Link to this page: https://www.socialistparty.org.uk/issue/604/8433
How mass campaigning closed BNP HQ
THE FAR right BNP moved into their headquarters in Welling, south east London in 1987. Labour Party Young Socialist branches in London responded with a call to the community and trade unions to join in a united campaign to rid them from the area.
Many local politicians defended their right to be there with lame arguments about defending democratic rights. We warned that this was not a harmless bookshop as the BNP claimed but an organising centre for a fascist organisation - a cancer in our community.
We warned that if the BNP were allowed to take root their organisation would grow, causing division and would be a danger to the black and Asian community.
We organised rallies and demonstrations, directly challenging the BNP and trying to prevent their activities. At times we were met by skinheads in jackboots giving the Nazi salute.
We were outnumbered by fascists and surrounded when we marched through Eltham, south east London. Our worst fears were confirmed when Greenwich council published statistics for racist attacks that showed an increase of 200% in the few years that the BNP had been active in Welling.
By 1993 there had been three racist murders. Our campaign had by this stage dug deep roots in the local trade unions and community and had taken on a national and international dimension by becoming part of Youth Against Racism in Europe (YRE).
We responded with bigger demonstrations and demands on local politicians, all of whom remained silent on the issue of closing the BNP HQ.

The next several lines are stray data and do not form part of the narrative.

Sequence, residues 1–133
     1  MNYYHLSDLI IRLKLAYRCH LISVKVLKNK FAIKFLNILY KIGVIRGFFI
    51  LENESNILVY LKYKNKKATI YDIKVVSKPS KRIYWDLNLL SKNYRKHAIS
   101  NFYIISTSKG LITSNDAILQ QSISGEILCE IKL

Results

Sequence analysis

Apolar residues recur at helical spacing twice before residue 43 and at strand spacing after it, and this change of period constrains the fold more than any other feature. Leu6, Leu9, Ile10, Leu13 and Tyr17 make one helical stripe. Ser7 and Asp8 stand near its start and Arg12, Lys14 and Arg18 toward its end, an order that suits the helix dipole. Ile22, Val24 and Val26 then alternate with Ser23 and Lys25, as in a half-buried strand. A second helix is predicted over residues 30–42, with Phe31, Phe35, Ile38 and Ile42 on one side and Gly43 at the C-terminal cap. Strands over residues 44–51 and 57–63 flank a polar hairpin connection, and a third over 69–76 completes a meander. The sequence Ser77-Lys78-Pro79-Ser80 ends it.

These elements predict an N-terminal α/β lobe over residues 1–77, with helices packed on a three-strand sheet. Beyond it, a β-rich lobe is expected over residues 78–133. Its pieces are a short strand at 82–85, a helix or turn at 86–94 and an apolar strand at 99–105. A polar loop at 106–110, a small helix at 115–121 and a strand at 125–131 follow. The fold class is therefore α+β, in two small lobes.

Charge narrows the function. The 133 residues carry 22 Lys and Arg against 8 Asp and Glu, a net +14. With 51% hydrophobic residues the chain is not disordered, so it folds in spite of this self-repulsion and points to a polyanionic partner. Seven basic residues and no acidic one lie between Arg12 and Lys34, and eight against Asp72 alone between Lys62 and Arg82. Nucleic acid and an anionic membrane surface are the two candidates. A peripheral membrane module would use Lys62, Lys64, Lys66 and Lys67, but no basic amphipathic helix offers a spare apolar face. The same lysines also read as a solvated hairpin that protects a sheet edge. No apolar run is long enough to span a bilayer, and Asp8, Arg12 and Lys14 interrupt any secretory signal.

In April 1993 Stephen Lawrence was murdered. This tragic death at the hands of racist thugs sent shock waves throughout the community, black and white alike. The YRE, south London trade unions and anti-racist organisations, including Panther, the black socialist organisation, responded by calling a demonstration just a few weeks after Stephen was murdered.
Between 8,000 and 9,000, predominately young people, marched through Welling and directly passed the BNP headquarters, their anger could not be contained when it reached the building where the protesters demanded it be closed down.
A second demonstration was organised in October 1993, it was co-organised with the Anti-Nazi League, and this time had 60,000 plus on it. The momentum to close the HQ was now unstoppable, responding to mass pressure and public mood, the council set up a planning enquiry.
The YRE and the community campaign submitted a statement linking incitement to racial hatred with planning law. This was accepted as relevant and became the findings of the inquiry. Local politicians, embarrassed by their disgraceful failure to act and feeling the pressure, joined the chorus of those calling for the HQ to be shut down.
After a long hard struggle, built over seven years, finally the order was given from the authorities that the HQ had to close. But it was the mass campaign, the thousands who marched, that forced the closure and pushed the BNP back from organising in south London at that time.
In The Socialist 2 December 2009:
Socialist Party NHS campaign
Youth fight for jobs
War and occupation
Socialist Party news and analysis
International socialist news and analysis
Socialist Party election campaign
Marxist analysis: history